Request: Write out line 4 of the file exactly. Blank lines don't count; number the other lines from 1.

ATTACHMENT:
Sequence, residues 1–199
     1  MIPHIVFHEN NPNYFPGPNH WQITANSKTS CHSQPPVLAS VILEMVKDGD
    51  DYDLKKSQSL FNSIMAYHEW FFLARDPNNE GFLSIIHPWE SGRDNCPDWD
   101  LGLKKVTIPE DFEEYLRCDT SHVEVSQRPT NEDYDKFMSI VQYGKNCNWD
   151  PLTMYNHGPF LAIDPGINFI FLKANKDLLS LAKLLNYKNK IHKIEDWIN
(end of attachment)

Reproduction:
   101  LGLKKVTIPE DFEEYLRCDT SHVEVSQRPT NEDYDKFMSI VQYGKNCNWD